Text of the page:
Thursday, May 23, 2013
Wednesday, May 22, 2013
Tim Cook on the "societal stage," testifying at the U.S. Senate. Getty Images
Tuesday, May 21, 2013
Jamie Dimon, CEO and Chair of JPMorgan Chase. The duality of roles can benefit him both personally and institutionally. NYT
Monday, May 20, 2013
Saturday, May 18, 2013
Background Picture: hherbzilla on Flickr
Stats and "before/after" picture: Brian Merchant, "This Is Life in a 400 PPM World," Motherboard, May 16, 2013.
See related essay: "Half of the American Population Disagrees with 97% of Climate Scientists on Global Warming."
Thursday, May 16, 2013
"Conférence de François Hollande : les principales annonces et declarations," Le Huffington Post, May 16, 2013.
Tuesday, May 14, 2013
Because the state governments have relatively more power at the E.U. level than is the case in America, a large state such as Germany that would be paying out can be expected to object, and it has. Wolfgang Schäuble, Germany’s finance minister, complains that the proposal would require changes to the treaties that serve as basic law of the E.U. As if passing an amendment to the U.S. Constitution were not arduous enough, the comparable process in the E.U. includes referendums in some of the states that would hold the process up. The market will want stability before the treaties could be ratified by enough states in the "euro-zone," Schäuble argued.
This picture depicts the distinctive European model of modern federalism wherein the state governments play a salient role in implementing (and modifying) federal law. source: mapperywordpress.com
Of course, the government officials could decide to go for a single banking regime rather than 27 coordinated regimes even though the treaty-amendment process would be slow and cumbersome. Schäuble’s stated point is that the extra effort could be obviated without sacrificing on the regulatory performance by choosing his proposal. His real point has been that the state of Germany does not want to contribute to a common bank-resolution fund that would involve German money being used to bail out inefficient banks in corrupt states, like Greece and Spain. So I suspect Schäuble would object to a federal banking resolution regime even if legal experts were agreed that no treaty changes would be necessary. Of course, at that point, he could simply point out that his proposal is less like American federalism, and he would instantly become the man of the hour in Europe.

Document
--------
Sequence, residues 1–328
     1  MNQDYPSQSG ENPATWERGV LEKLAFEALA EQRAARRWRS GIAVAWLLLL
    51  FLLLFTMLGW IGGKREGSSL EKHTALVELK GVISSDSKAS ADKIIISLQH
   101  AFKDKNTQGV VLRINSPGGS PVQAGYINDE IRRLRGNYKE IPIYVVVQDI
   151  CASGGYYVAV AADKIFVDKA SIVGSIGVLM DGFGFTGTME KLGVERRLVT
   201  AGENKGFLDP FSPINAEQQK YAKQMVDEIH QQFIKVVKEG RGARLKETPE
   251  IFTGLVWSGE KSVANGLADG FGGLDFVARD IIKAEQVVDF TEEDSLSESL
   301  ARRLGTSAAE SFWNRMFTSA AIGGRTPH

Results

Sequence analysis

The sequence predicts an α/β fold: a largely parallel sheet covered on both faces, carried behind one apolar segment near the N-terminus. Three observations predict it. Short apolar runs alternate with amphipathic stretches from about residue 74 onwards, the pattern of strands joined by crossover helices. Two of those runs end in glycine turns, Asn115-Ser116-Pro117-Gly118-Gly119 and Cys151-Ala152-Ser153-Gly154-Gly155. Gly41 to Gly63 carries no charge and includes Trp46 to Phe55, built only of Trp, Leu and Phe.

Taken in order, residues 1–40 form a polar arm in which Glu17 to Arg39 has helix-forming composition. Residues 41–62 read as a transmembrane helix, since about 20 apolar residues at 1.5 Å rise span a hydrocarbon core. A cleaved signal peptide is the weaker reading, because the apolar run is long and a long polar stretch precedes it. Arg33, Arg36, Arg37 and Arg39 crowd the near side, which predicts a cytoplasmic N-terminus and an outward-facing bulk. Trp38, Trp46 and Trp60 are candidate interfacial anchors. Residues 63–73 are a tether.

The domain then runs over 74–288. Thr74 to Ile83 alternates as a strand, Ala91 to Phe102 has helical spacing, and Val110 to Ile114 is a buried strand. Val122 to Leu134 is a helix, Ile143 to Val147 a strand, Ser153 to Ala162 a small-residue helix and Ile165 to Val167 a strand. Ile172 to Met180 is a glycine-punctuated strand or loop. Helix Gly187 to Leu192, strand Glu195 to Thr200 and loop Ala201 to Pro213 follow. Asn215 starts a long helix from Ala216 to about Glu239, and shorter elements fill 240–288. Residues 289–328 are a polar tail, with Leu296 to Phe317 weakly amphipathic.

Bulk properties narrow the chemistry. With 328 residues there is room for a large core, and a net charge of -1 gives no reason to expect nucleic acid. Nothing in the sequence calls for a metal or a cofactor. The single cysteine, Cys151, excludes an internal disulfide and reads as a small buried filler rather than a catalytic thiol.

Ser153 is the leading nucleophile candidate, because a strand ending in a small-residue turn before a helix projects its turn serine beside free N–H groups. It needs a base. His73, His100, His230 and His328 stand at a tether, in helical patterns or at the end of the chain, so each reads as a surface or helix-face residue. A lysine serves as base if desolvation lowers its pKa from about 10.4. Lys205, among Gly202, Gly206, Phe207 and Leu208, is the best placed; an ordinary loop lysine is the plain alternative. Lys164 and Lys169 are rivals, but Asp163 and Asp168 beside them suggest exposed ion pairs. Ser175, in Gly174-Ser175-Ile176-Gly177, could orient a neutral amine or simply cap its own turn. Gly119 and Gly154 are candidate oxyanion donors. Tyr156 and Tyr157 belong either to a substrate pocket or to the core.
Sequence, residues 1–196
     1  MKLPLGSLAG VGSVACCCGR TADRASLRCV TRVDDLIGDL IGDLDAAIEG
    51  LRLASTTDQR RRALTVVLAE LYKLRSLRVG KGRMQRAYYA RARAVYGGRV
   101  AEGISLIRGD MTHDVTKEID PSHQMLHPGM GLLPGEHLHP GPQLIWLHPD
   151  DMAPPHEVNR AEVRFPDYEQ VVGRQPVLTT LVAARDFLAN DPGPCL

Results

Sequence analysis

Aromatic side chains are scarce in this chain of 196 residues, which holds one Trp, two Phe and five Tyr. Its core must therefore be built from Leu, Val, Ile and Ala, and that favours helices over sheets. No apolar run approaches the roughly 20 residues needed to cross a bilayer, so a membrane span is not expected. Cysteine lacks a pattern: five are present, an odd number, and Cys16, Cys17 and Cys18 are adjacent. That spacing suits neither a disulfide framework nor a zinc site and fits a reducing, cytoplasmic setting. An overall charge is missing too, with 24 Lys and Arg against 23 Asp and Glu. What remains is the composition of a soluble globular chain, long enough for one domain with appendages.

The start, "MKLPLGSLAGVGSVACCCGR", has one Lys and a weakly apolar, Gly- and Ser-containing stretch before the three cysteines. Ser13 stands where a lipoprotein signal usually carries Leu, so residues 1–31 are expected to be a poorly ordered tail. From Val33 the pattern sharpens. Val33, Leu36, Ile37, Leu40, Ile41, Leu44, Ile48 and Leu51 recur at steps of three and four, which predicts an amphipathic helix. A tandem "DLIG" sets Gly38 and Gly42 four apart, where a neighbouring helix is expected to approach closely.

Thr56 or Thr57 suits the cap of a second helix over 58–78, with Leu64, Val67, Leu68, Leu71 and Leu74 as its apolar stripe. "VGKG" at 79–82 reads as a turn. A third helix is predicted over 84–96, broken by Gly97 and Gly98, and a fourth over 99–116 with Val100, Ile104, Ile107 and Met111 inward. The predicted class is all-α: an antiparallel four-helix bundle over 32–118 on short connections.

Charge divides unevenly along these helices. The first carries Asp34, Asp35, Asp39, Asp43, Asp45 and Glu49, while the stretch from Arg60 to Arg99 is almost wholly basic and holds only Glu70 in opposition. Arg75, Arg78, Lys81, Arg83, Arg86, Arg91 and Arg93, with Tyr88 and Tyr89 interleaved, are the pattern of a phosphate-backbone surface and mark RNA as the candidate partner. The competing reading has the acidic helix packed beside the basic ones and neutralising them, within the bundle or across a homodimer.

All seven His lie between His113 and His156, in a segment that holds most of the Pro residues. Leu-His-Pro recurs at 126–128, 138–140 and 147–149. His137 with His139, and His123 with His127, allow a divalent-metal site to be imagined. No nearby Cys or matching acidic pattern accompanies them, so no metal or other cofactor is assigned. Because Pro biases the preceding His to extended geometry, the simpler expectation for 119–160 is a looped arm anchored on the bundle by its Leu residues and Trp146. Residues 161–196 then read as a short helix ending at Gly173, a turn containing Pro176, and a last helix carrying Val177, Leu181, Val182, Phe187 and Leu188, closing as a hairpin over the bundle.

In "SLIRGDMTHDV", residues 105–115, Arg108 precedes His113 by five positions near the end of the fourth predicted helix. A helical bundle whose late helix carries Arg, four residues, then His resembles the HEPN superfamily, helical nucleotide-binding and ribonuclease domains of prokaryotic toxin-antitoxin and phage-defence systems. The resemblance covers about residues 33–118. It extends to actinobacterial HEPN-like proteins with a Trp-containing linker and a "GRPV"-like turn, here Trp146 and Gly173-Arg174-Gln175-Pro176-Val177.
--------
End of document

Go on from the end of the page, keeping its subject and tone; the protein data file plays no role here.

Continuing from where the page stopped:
To be sure, increasing the involvement of the state governments beyond their role in the European Council to include legislating federal policy into more specific state law that reflects not only a state's particular context, but also the general principles set in the directive at the federal level captures the distinctive benefit of federalism--namely, being united generally yet diverse locally. However, the danger facing the European project even after fifty years is that the preponderance of power lying with the state governments relative to federal officials and bodies not consisting of state leaders could ultimately result in dissolution of the Union. Schäuble’s proposal implies a fear of consolidation even though the opposite is much more likely, given where the center of gravity exists in the E.U. solar system.
Therefore, Schäuble's more "European" proposal would be preferable, both in terms of federalism and as an alternative to the American model, were the European state governments not already so powerful even at the E.U. level. Schäuble's proposal of having the state governments actively involved in legislating federal policy at the state level could provide a stronger, more integrated federal system than is the case in the U.S., whose states had already been nearly relegated to local matters. Of course were the Europeans to achieve more of a balance of power federally (including reducing the power one state to stand in the way of federal legislation), the European version of modern federal could be an improvement on the earlier American model.